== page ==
For weeks the post-secondary students in Montreal have been fighting to save the present location of the Montreal Cree School Board office.

The Cree entities based in the city have all been asked to move into a new building purchased by the Crees in Old Montreal.

All agree that the Lamborghini Building is a beautiful office, but the remote location in a desolate industrial area has students worried. Women especially say that the location is too isolated and makes them concerned for their security.

In a survey last April, 90 per cent of the students said they were against the move.

On September 18, a group of students held a protest march to the Cree building on Duke St. After a tour of the building, the students joined a meeting of the Commissioners of the School Board in progress to voice their concerns.

While not on the agenda at the Commissioners’ meeting, the students got their say. Their appeal would be the last one possible as renovations are scheduled to start at the end of September. Many students were frustrated when the Commissioners stuck by their decision to move into the new building.

Luke MacLeod, Chairman of the School Board when the decision to move was made, said the students have been heard but that the decision will stand.

“The Council of Commissioners are the ones given the mandate to decide. It wasn’t that they didn’t look at the concerns of the students,” he said.

“People when they question decisions made by Council, I think then they question the people’s choice. In a sense, they question their own people.”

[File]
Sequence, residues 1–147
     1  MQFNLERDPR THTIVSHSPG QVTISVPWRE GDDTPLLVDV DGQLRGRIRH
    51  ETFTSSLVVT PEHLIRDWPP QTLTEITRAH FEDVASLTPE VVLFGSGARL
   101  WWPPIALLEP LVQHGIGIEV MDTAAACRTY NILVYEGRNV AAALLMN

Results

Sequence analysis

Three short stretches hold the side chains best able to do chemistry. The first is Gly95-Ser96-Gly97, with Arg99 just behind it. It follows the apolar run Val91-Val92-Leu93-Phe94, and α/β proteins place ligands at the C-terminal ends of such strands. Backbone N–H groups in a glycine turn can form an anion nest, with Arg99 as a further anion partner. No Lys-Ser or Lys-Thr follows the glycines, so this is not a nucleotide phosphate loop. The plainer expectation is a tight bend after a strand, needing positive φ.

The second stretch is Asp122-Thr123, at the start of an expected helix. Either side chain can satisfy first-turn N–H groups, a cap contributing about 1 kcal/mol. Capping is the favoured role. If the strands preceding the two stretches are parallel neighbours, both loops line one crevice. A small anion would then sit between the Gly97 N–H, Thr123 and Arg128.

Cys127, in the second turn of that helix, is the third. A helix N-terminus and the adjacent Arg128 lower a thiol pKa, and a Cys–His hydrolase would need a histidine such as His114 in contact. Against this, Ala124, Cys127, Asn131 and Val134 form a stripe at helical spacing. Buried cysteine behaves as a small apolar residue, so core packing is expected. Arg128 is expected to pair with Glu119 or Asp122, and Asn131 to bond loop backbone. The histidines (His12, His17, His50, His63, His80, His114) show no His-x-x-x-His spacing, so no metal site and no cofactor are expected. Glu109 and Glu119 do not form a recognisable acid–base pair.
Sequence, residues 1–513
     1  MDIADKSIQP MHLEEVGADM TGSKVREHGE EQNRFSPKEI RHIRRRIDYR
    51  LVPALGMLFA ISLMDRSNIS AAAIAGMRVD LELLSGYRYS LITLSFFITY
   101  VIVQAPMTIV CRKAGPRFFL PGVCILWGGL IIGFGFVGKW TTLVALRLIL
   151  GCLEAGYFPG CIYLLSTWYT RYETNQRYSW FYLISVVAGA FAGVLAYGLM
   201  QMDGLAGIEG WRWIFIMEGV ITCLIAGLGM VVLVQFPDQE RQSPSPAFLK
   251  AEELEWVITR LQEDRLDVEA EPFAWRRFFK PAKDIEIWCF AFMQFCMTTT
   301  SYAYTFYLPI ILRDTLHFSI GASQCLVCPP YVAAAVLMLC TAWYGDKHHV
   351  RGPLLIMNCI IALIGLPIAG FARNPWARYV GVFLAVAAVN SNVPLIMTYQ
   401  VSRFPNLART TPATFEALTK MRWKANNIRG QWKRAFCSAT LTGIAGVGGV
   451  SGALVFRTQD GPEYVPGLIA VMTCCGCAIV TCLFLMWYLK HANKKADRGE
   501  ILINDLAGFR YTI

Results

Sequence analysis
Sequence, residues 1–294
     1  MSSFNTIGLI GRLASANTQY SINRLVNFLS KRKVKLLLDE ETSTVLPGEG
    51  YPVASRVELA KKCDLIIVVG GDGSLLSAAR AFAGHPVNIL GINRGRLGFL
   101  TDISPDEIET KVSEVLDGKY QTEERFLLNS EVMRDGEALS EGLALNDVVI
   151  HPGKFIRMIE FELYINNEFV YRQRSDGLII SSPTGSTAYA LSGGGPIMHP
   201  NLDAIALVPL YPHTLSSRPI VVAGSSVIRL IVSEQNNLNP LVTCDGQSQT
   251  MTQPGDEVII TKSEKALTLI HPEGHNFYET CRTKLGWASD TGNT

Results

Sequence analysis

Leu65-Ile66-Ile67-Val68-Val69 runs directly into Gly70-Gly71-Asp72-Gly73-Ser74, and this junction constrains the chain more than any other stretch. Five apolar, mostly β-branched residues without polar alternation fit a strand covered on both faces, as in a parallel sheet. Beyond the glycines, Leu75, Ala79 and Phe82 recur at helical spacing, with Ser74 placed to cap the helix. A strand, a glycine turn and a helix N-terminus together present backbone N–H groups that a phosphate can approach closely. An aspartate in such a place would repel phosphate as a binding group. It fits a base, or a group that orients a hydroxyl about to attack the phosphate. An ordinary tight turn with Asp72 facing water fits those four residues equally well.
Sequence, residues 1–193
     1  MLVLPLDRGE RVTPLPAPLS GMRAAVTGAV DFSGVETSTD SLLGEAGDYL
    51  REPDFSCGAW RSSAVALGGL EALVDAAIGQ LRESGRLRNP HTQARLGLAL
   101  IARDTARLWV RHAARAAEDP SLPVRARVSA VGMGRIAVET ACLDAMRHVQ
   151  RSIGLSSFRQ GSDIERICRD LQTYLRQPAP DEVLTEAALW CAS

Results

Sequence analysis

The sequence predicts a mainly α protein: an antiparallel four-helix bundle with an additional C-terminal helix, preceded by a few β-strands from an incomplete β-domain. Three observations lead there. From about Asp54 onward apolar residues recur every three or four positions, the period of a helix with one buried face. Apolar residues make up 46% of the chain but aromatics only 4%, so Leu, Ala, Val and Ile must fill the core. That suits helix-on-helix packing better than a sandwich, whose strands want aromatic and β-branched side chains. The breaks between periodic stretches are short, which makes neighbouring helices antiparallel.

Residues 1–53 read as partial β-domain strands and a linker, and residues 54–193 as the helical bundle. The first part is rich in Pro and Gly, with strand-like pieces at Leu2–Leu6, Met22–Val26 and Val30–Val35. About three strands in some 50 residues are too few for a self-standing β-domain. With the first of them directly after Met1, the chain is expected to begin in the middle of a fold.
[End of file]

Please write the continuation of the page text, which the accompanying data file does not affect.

MacLeod said students will have a bus service to bring them to a convenient metro station. They will also have a chance to plan the design and services of the new office, and will have a daycare service for their kids.

But the students still have concerns. Stella Lameboy, a spokesperson for the students, said when she first came to college in Montreal at 16, she relied a lot on the Cree School Board office as a place to be with other Crees and get support.

Now that it will be so far away from where most students live and their schools, they will feel more isolated, she said.

“The homesickness was overwhelming, coming from a small community to a big city. There was a lot of culture shock and the office helped a lot. I’m a university student now but I still depend on it greatly. Montreal is a very cold and lonely place.”

Lameboy said the move could affect the success rate of Cree students, especially since many rely on the computers and library in the office to complete assignments.

Kathy Shecapio, another student spokesperson, said students often stay at the office until 4 a.m. working on the computers. “Not all our parents are rich and can buy us computers,” she said. The current office is downtown where most students live and near their schools.

Once it moves to Old Montreal, female students especially will feel unsafe coming home late at night, she said.

“We would love to take the Commissioners one by one and walk them through the area—not drive there. I don’t think they would send their kids there.”